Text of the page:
Use this devo as you are able, in whole or in part. Don’t feel compelled to read it all. Simply read and meditate upon whatever catches your attention. The goal is enjoying time with God through His Word and in prayer. Questions about the devotional elements?
Call to Prayer
“Since we have a great high priest who has ascended into heaven, Jesus the Son of God, let us hold firmly to the faith we profess. . . . Let us then approach God’s throne of grace with confidence, so that we may receive mercy and find grace to help us in our time of need.” (Heb. 4:14, 16)
Prayer of Confession
Ascended Jesus, I often move through my days with a guilty conscience, an accusing voice that tells me of the evil I have done, or the good I have failed to do.
Cleanse my conscience by your shed blood, and strengthen me to serve the living God. Amen. (a prayer based on the Helvetic Confession, Q56)
*Prayer borrowed from Philip Reinders’ Seeking God’s Face: Praying with the Bible through the Year
This reading plan will help you to develop the habit of being in God’s Word each morning and evening. Come to this time with expectation. Expect God to reveal himself to you. Expect that he delights in you being there, even when you’ve wandered away. Growing a spiritual habit is a slow, patient process. So be kind to yourself as you grow!
Readings are hyperlinked. Simply hover over the passage or click Morning/Evening Reading (email version).
Praying the Psalms: Read slowly. Take note of words and phrases. Bring them before the Lord in prayer and personalize the passage as you pray.
NT Context: ” Our main and central task is to live in responsive obedience to [the gospel]. But more often than not we become impatiently self-important along the way and decide to improve matters with our two cents’ worth.” We add on, we supplement, we embellish. Hebrews is written to “add on, Jesus-and” Christians such as ourselves. It wakes us up to the reality that Jesus is just plain better than all our add ons.” Meditate on the passage, noting a few words or a phrase that stood out. Take them to God in prayer.
OT Context: “People who want God as an escape from reality, from the often hard conditions of this life, don’t find this much to their liking. But to the man or woman wanting more reality, not less—this continuation of the salvation story—Joshua’s fierce and devout determination to win land for his people and his extraordinary attention to getting all the tribes and their families name by name assigned to their own place, is good news indeed. Joshua lays a firm foundation for a life that is grounded.” Reflect on the passage. Who was the original audience, and what was their situation? How is that relevant to you today?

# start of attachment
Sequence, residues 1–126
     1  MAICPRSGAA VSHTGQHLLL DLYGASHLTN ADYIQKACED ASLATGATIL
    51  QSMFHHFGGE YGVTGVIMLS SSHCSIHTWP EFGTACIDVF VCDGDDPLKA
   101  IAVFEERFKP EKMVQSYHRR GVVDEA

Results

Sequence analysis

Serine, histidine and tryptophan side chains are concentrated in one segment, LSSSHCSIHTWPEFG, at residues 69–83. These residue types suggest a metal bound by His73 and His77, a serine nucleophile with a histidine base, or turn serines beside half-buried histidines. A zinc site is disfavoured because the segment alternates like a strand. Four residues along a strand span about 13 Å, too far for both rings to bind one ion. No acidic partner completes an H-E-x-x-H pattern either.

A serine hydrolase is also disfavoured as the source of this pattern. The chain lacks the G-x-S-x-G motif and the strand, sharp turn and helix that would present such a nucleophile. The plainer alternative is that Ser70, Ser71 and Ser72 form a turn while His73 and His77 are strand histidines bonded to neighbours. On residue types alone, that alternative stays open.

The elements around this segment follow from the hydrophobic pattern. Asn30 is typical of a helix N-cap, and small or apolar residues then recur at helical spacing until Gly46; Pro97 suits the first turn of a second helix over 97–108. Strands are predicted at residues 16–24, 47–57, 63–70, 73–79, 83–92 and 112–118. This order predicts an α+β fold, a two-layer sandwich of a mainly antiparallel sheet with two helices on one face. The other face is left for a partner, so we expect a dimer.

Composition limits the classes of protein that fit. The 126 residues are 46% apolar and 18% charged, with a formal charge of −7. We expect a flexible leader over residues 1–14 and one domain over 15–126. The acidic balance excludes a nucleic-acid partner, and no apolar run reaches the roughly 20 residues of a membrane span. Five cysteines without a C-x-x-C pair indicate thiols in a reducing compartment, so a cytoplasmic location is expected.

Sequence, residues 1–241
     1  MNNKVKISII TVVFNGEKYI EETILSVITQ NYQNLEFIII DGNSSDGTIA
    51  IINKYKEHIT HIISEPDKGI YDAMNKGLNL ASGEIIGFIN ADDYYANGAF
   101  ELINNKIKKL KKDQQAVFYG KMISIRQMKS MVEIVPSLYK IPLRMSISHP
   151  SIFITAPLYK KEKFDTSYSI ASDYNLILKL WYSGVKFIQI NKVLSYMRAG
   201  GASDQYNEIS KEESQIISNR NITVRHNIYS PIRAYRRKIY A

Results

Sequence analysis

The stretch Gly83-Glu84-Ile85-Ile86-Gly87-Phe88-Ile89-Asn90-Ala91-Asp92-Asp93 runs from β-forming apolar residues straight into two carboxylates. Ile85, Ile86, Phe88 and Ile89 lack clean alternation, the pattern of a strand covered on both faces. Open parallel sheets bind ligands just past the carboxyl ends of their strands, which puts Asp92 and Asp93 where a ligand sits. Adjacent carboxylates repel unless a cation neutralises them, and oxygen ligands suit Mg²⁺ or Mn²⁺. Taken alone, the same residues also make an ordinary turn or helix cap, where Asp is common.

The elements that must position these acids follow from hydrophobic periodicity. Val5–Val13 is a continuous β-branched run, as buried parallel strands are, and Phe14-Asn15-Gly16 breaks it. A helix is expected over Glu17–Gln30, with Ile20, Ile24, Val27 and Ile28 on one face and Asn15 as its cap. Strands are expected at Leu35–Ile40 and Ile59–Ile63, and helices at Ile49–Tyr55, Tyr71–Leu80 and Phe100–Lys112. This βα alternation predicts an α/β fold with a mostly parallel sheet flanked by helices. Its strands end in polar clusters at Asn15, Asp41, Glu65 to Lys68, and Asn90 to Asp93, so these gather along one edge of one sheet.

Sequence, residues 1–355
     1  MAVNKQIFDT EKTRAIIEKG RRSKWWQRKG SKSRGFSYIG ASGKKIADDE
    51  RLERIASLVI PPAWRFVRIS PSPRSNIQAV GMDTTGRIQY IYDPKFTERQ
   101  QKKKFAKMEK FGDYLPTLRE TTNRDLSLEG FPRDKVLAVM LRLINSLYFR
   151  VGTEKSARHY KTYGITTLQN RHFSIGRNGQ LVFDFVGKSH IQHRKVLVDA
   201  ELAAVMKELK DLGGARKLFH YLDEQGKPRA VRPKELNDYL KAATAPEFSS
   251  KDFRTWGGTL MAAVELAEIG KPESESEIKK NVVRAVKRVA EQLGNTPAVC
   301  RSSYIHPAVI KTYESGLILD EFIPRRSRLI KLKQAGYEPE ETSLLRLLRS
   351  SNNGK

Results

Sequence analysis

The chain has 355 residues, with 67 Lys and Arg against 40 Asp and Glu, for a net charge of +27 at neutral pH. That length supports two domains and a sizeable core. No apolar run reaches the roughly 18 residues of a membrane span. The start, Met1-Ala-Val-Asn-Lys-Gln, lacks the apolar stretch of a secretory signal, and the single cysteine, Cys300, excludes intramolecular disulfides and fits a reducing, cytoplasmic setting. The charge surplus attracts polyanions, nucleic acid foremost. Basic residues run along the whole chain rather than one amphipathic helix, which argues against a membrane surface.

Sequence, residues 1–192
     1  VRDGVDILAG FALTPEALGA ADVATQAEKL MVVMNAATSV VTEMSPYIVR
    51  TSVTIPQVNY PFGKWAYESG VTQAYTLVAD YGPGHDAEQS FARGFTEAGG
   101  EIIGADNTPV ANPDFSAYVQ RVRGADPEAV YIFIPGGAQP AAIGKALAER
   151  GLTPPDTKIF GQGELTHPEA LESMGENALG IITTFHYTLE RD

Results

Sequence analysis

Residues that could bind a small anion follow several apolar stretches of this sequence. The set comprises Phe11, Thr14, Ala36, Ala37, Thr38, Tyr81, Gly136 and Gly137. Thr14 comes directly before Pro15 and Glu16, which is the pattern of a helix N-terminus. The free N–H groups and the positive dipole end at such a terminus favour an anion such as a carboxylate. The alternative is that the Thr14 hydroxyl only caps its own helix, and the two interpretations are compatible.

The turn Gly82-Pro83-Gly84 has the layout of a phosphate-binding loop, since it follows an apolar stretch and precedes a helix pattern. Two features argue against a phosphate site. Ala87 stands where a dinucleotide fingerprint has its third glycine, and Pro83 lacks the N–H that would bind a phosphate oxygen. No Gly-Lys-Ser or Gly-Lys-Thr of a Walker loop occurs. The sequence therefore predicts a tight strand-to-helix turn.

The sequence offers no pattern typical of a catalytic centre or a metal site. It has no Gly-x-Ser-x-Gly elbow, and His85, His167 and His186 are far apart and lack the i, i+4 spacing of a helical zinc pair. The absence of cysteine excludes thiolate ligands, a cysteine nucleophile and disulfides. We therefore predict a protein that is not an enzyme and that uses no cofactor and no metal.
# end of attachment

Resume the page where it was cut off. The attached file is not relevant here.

This week’s theme is: GIVE Read: Luke 17:3-10
Yesterday we talked about the self-giving life to which Christians are called. We discovered that the root of a self-giving life is that we see every aspect of our lives as under Christ’s authority. Today I want us to explore this trait of generous giving in relationships.
Each culture has its own definition of generosity. We see that in Jesus’ teaching on forgiveness and the apostle’s response: “Increase our faith!” Jewish culture at the time gave a limit to the number of times you had to forgive. Jesus more than doubled it. It’s hard to believe that God’s forgiveness really works this way, and that our own should as well, that when we are offended, we ought to pray along with the apostles: Increase my faith so I can be generous with my forgiveness. You weren’t stingy with me. Help me not to be with my friend.
And yet, we feel held back in our forgiveness. We are fearful. What if they offend me again? We feel that generosity should be limited to a one time offer. And the devilish whisper floats into our ear: Did God really say…? He couldn’t have meant this!
I recognize I am treading on tender ground here. Wisdom is required in how forgiveness is applied and yet Christians don’t get to define the boundaries of our generosity in relationships. God really did say, through his Son, “Forgive.” What we need, then, is an expanded definition of Christian generosity:
“Generosity means living for God and others, not ourselves. It embodies a lifestyle shaped by a deep conviction that in Christ we find true riches and abounding treasure. Generous people do not use others for personal gain, demand that their rights be upheld at all costs, or hold grudges against those who offend them. Instead, the gospel changes their attitudes toward others so that they are able to constantly wipe the slate clean and eliminate all record of wrongs. Generous people cancel debts and absorb the cost themselves.”
More could be said (i.e. what do we mean and not mean by “wipe the slate clean”?) but that’s a conversation for another time. What we should be picking up on is that Christian generosity is more than charity. Gospel-shaped generosity is a way of living that brings everything into its orbit.
Another way of saying this is that when we truly come to see the riches that we have in the gospel, we will be able to let go of our rights when necessary because they no longer define who we are. Keith and Kristyn Getty’s lyric captures this well:My worth is not in what I own / not in the strength of flesh and bone…not in skill or name / in win or lose, in pride or shame…I rejoice in my redeemer / Greatest treasure, Wellspring of my soul / And I will trust in him, no other / My soul is satisfied in him alone.”
Reflect: Satisfied souls are generous souls, and only Christ can fully satisfy. How have you experienced God expanding your generosity toward others?
Evening Prayer of Examen
Where did you move with or feel close to Jesus today?
Where did you resist or feel far from Jesus today?
Where is Jesus leading you tomorrow? Ask for joy as you follow him.
“To him who sits on the throne and to the Lamb be praise and honor and glory and power, for ever and ever!” (Rev. 5:13)